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​6 Vegetarian Highlights from Morocco

I’ve just come back from a week in Morocco. For me, travelling isn't only an opportunity to eat, it's also a chance to learn as much as I can about how a dish is traditionally made - lessons I can bring back to Demuths and share with students on our courses. Morocco can be a challenge for vegetarians who want to stick to the traditional fare. Often vegetable dishes are made with meat stock; other dishes are considered vegetarian if they contain no visible meat. Fortunately, French is widely spoken so it was possible to communicate that for us, vegetarian means NO meat. That often meant that the food was cooked fresh, giving us the opportunity to happily enjoy mint tea while we waited for our vegetable dish to be made. Once you get over the communication barrier, vegetarian food in Morocco is wonderful - fresh, aromatic, satisfying and comforting. And it's not all about tagines and mint tea.

6 Vegetarian Highlights from Morocco

Bread

In Morocco, the bread is fantastic. Small flat round loaves, freshly baked every day and sprinkled with wheat meal and then torn apart to scoop up a tagine. Bread also features for breakfast, again used to scoop up Amlou, a paste of ground almonds, argan oil and honey.

Harira

Harira, a thick lentil soup with chickpeas and vermicelli, is eaten as a warming snack and served with dates and a honey sweet. Hariria is served daily during Ramadan to break the fast.

Msemmen

Msemmen are Moroccan crepes, delicious with oh so sweet mint tea. They are made with a dough made of yeasted flour and semolina, cooked on a flat hot plate and layered with oil and butter. The result is a delicious flaky crepe, best served hot.

Vegetable Tagines

Vegetable tagines were different every day, and simplicity was the common thread. The vegetables were usually onions, carrots, peas and potatoes, flavoured with ground cumin, salt and pepper. A tagine is a shared dish, the larger the size, the more people dip in. They are eaten bubbling hot with Moroccan bread to scoop up the vegetables. At home I serve my tagine with couscous, but in Morocco tagines are always served with bread.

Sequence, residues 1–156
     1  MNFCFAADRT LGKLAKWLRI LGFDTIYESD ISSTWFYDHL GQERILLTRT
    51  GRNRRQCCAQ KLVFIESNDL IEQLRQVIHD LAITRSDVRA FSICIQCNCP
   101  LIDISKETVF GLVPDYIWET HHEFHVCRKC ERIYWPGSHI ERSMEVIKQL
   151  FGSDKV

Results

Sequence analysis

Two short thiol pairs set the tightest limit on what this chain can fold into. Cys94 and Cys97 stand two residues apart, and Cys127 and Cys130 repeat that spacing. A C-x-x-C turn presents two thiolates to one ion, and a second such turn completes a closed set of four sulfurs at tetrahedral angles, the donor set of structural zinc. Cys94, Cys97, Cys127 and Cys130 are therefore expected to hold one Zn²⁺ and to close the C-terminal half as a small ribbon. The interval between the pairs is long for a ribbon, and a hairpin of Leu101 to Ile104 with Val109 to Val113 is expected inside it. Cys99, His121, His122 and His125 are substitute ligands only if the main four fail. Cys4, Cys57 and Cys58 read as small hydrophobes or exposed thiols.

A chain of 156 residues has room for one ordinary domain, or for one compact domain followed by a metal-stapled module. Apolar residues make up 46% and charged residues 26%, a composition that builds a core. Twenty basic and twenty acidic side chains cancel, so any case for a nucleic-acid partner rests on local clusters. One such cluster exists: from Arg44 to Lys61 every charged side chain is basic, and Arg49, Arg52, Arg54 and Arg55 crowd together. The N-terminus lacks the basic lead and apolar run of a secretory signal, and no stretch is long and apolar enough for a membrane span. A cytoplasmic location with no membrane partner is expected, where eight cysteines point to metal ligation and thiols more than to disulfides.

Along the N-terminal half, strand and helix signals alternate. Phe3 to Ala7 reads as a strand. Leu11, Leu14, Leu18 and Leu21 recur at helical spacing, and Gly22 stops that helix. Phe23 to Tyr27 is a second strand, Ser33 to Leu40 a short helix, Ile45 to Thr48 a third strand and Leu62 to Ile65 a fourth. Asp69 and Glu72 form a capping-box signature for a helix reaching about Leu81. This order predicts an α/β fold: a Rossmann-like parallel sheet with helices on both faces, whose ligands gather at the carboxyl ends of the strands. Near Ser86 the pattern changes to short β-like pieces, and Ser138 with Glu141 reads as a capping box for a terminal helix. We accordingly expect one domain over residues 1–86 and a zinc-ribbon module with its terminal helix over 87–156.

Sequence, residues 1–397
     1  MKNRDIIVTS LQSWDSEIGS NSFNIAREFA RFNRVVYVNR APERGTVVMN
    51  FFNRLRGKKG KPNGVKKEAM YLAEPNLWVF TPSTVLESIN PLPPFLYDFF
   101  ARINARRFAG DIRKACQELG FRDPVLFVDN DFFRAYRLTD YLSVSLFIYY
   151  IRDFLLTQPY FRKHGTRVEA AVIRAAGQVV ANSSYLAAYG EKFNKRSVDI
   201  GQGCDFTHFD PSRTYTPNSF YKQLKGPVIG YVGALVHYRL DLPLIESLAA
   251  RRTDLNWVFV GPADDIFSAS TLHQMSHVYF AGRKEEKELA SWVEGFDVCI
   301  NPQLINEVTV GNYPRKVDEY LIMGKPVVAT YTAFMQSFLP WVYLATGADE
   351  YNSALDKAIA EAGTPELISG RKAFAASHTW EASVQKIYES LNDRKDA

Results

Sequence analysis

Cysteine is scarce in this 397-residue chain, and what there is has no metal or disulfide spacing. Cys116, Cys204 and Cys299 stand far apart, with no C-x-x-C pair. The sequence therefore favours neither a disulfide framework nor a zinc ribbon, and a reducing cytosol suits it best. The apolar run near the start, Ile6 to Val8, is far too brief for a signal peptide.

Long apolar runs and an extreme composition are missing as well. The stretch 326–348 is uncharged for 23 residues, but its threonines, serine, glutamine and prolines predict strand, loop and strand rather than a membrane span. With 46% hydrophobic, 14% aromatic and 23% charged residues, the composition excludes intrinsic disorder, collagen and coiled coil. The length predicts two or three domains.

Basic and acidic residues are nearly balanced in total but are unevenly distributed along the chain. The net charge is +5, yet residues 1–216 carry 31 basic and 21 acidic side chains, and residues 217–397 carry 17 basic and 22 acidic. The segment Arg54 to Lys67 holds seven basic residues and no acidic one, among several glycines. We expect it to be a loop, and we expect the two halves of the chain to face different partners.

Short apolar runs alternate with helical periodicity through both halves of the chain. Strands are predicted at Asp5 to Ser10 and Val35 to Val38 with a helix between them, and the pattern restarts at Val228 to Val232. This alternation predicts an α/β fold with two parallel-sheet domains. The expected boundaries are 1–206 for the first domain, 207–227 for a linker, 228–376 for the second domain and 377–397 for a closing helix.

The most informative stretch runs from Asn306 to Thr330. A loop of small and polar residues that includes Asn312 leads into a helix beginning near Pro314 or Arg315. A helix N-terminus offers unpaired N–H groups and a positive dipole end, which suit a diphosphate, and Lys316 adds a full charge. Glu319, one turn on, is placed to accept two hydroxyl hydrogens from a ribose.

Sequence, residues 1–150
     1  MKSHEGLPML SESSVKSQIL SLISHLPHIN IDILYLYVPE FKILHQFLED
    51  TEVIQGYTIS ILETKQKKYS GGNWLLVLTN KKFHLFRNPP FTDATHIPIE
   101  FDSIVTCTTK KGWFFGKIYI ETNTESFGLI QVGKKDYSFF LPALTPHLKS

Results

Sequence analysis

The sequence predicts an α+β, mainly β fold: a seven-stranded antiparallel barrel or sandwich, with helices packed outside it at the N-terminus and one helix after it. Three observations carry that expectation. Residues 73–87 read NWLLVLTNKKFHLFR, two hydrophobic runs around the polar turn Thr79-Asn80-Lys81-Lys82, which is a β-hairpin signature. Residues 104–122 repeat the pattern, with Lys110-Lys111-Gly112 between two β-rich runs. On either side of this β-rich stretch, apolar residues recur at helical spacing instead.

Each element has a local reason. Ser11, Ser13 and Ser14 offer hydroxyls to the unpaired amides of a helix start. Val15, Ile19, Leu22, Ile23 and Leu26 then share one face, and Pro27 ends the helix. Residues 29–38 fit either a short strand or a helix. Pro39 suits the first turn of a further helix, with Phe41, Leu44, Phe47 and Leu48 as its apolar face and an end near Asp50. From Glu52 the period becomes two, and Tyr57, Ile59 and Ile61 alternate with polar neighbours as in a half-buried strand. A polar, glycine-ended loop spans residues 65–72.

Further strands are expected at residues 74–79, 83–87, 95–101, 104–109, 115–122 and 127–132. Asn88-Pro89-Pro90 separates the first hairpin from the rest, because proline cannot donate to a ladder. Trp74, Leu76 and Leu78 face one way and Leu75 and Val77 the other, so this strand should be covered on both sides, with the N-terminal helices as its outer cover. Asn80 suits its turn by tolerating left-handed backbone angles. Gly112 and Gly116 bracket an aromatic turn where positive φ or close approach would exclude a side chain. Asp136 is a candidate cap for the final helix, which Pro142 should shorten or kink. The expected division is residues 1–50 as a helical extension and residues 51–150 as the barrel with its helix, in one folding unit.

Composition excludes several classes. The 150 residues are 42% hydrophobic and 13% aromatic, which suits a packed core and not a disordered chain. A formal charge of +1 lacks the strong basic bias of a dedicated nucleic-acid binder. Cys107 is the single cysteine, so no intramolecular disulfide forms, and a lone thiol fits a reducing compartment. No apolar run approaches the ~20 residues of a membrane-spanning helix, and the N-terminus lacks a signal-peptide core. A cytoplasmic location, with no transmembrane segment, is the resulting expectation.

Couscous

That's not to say Moroccans never eat couscous. Couscous is traditionally served for a celebratory lunch after Friday prayers and topped with vegetables that have been cooked in the base of the couscoussier, a deep saucepan (a bourma) topped with a flat colander (a kesskess). The couscous is steamed in the kesskess over the vegetable stock and the flavour of the stock permeates the couscous. Once cooked, the couscous is fluffed up several times by decanting it into a large flat bowl and separating and aerating the grains and then returning it to the kesskess. The choices of vegetables vary. We ate couscous topped with carrots, chickpeas, and raisins, and spiced with cinnamon with a fiery red harissa and more stock to pour over the couscous.

Fresh Mint Tea

Breakfast always came with freshly squeezed orange juice and fresh mint tea. Mint tea is made with black tea and flavoured with fresh mint leaves and large cubes of white sugar. It’s a ritual to get the flavour balance of the tannic black tea, the bitterness of the mint and the sweetness of the sugar just right. The tea is then poured from a height to produce the desired froth on top of the glass. For more on this tradition, check out Urvashi's lovely post on The Art of Moroccan Mint Tea.

Here are more photos about how to cook a tagine and other Moroccan foods.

Let me know if you have any questions about Morocco,

vegetarian travel, or any of the dishes I've written about.

We're always happy to chat on Twitter and Facebook!

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